Netflix faces a culture shift amid layoffs and subscriber losses

Hello, I’m Matt Turner, Business Editor at Insider. Welcome to Insider Weekly, a roundup of some of our best stories.

On the program today:

But first : Josée Rose, business editor at Insider, takes us behind the scenes of our major new report on the food crisis unfolding around the world. So without further ado…

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Focus on an ongoing crisis

Photo collage of cheese, tomatoes, cows, eggs and oranges.

Jeremy Meek/Fati Abubakar/Andri Tambunan/Junya Inagaki/Octavio Jones for Insider

There’s a global food crisis unfolding, and Insider has spent the past few months unpacking what that means for consumers, editor-in-chief Josée Rose writes.

This week we published our dossier on the food crisis, revealing the struggles around the world with rising costs, as well as growing, selling and buying food.

The series zooms in on street food markets in Singapore, orange groves in Florida, fish markets in Japan and tapas restaurants in Spain to show how the food crisis is wreaking havoc on local economies, changing cultures and, in some cases, can trigger civil unrest. .

“If you’re worried about domestic politics, if you’re worried about environmental issues, if you’re worried about immigration issues, if you’re worried about diplomacy in the military, you should pay attention to the food crisis, because it lurks in the background, pushing these things,” Chris Barrett, an economist and food policy expert at Cornell University, told Insider.

There are 16 articles in all, including a main analysis article, broader stories about climate change and fertilizers, and 13 stories about shortages of different food staples. Even if you are well fed, you should be worried about our food supply.

Check out the full package here.

Now let’s move on to this week’s top stories.

At Netflix, a culture change is underway

Sign Netflix in August 2020.

AaronP/Bauer-Griffin/Getty Images

Insider spoke with current and former Netflix employees, creators, producers and other Hollywood stakeholders who said that as the company faces new challenges, its culture is undergoing change .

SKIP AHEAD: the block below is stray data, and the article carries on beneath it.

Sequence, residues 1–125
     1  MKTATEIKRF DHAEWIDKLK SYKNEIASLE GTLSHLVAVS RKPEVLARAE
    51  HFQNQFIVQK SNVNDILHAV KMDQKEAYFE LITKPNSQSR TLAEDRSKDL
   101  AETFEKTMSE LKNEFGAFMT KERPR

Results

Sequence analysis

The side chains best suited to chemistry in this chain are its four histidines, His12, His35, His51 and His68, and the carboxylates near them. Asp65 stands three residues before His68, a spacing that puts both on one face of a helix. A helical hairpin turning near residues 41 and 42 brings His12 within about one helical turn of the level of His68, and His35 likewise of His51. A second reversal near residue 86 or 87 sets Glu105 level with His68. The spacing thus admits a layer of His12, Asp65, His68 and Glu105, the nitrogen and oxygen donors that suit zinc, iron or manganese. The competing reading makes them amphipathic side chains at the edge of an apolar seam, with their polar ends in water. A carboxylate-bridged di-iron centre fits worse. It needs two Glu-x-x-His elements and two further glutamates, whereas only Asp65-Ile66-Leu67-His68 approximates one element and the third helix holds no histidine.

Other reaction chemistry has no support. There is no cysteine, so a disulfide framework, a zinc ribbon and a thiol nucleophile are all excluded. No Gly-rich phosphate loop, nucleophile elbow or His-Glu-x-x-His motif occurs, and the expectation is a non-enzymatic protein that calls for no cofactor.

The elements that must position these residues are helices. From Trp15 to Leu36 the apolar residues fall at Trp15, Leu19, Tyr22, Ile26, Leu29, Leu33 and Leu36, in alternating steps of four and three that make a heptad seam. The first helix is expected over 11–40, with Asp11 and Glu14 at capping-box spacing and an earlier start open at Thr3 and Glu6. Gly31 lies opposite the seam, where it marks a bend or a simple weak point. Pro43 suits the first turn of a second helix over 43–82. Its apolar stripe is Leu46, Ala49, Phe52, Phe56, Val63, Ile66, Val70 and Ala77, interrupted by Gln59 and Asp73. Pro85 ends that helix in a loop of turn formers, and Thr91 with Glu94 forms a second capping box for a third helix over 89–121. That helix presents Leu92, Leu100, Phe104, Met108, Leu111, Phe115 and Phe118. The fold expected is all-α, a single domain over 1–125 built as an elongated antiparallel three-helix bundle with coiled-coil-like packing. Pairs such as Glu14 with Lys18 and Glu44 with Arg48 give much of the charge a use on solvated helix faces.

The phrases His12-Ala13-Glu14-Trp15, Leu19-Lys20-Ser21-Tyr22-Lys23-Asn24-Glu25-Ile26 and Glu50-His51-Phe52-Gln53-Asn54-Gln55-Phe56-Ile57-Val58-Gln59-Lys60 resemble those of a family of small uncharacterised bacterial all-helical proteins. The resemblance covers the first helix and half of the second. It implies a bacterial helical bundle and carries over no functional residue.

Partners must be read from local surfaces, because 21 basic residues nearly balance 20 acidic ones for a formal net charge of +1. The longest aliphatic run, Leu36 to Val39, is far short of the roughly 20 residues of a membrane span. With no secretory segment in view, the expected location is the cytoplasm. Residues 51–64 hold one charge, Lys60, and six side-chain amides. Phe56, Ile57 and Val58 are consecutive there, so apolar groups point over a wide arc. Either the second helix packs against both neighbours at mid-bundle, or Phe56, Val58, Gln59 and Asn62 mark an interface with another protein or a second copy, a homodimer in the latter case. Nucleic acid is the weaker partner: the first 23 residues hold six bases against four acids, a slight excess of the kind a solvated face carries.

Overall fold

Many described executives more dispersed than ever, a creative environment driven by “fear-based” decision-making, tighter budget control, and concerns that layoffs from some teams have disproportionately affected people of color.

What’s going on inside Netflix.

Earthquake shift changes how Americans get paid

Wages are changing in the United States

Tyler Le/Initiate

Tyler Le/Initiate

Wages have long been determined based on where workers live. But as much of the country continues to work remotely, a new phenomenon is emerging.

While companies routinely hire for remote positions in cities far beyond their headquarters, white-collar salaries across the country are approaching temptingly close to those in San Francisco, meaning workers in Minneapolis in St. Louis could start making money in big cities.

Get ready for the “great wage convergence”.

Inside Wall Street’s Quantum Battle

Black and white cut-outs of Ken Griffin and Jim Simons on a green commercial visualization on a black background, with cropped squares of their eyes scattered around the,

Patrick McMullan/Getty; Michael Kovac/Getty; Marianne Ayala/Insider

At large trading companies, paranoia and competition for top talent has fueled a growing race to lock employees into quantitative trading – where billions in profits are up for grabs.

Many quantitative professionals have grown frustrated with the restrictions, former employees told Insider. Are these intellectual property safeguards or thinly veiled employee retention measures?

Behind the aggressive non-competition of trading companies.

How “super savers” save big

elkins bike

The author resides in Los Angeles, California.

Courtesy of Kathleen Elkins

As a senior investment reporter for Insider, Kathleen Elkins has heard plenty of money-saving tricks: a Google employee who lives in a truck parked in her company’s parking lot; a YouTuber who leads a simple, minimalist life; a couple who live on the income of their parallel work.

With tips from super savers, Elkins has found ways to increase her own savings — and she shares them here.

Three expert-backed strategies to save $1,000 every month.

This week’s quote:

“Most people are not well. The founders are especially not well.”

— Katelin Holloway, investor and partner at Seven Seven Six, on the mental health of startup founders.

More of this week’s best reads:

More: Keep up to date with the latest business news throughout the week by checking out The Refresh from Insider, a dynamic brief audio from Insider’s newsroom. Listen here tomorrow.

Organized by Matt Turner. Edited by Sarah Belle Lin, Jordan Parker Erb and Lisa Ryan. Sign up for more Insider newsletters here.

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